36 Ontologies: real life examples handcrafted music: CDnow (2410/5), MusicMoz (1073/7)CDnow MusicMoz biomedical: SNOMED (200k), GO (15k), Emtree(45k+190k Systems biologyGO Systems biology ranging from lightweight Yahoo, UNSPC, Open directory (400k) to heavyweight (Cyc (300k))Yahoo ranging from small ( METAR ) to large ( UNSPC ) METAR

37 Biomedical ontologies (a few..) Mesh Medical Subject Headings, National Library of Medicine descriptions EMTREE Commercial Elsevier, Drugs and diseases terms, synonyms UMLS Integrates 100 different vocabularies SNOMED concepts, College of American Pathologists Gene Ontology terms in molecular biology NCBI Cancer Ontology: 17,000 classes (about 1M definitions),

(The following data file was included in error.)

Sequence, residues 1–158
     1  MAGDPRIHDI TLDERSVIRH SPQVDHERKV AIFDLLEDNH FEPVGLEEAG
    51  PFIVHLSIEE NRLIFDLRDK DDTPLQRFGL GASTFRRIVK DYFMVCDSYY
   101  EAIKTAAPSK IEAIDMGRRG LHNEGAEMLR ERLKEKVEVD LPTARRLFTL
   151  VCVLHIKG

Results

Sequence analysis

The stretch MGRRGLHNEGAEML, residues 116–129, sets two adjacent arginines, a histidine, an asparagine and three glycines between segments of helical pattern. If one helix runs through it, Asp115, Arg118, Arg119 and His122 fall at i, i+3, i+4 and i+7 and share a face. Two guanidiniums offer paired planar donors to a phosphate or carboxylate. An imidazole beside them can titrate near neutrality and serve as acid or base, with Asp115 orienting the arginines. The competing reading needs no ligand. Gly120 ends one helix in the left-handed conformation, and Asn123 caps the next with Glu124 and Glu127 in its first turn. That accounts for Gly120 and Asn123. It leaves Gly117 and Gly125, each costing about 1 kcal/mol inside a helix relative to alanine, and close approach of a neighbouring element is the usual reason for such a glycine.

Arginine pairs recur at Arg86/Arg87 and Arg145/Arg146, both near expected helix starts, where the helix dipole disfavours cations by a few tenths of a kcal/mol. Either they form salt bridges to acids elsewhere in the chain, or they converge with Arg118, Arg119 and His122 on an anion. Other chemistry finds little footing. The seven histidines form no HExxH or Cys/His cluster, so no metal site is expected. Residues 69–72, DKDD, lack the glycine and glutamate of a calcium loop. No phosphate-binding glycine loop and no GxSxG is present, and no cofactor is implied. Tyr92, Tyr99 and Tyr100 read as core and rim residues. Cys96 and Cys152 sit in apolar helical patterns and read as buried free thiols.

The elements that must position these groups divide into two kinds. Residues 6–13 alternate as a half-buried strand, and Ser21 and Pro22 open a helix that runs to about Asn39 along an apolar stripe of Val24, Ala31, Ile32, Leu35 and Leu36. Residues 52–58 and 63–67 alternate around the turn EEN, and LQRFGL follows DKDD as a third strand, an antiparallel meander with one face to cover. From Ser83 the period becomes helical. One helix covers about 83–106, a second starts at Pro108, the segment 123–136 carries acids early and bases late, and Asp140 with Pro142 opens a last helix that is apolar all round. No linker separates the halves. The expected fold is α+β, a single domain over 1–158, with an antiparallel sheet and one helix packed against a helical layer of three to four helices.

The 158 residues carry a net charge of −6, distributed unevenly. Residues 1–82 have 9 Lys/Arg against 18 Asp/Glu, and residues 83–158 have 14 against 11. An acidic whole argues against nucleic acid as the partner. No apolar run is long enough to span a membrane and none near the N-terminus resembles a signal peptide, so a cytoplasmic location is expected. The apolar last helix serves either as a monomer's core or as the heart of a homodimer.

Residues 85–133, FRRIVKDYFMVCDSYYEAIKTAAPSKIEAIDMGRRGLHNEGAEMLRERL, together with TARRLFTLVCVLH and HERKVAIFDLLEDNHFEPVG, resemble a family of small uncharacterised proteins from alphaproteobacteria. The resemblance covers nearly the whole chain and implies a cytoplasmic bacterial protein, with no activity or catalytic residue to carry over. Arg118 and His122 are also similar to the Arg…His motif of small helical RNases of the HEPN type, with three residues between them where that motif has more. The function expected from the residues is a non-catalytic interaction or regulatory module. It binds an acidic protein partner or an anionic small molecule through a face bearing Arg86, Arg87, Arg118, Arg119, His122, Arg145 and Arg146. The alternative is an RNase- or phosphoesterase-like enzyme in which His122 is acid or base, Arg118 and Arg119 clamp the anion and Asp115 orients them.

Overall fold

38 Remember: Require are 1. standard vocabularies 2.a standard syntax, 3. lots of resources with meta-data attached

39 Who makes the meta-data? Dont throw away what we already have: Databases (Amazon.com) Navigation structures meta-data in documents Office, Acrobat, MP3, jpg As spin-off on what we already do MIT Media Lab photo annotator Automated analysis Text, Images, Video

40 Summary so far

41 Linked Data/Semantic Web Identification Uniform Resource Identifier (URI) Global identifier (NB: persistent!) Looks like a URL, is often and internationalized Resource Identifier (IRI) Description Resource Description Framework (RDF) RDF Schema (RDFS) Simple Knowledge Organization System (SKOS) Web Ontology Language (OWL) Querying RDF Triple stores SPARQL Query Language

42 Hoe ziet RDF eruit? Datamodel is een (directed) graph Elk data-item is een resource met een URI als identifier Elke eigenschap is een binaire relatie: triple Tussen resources: Tussen een resource en een literal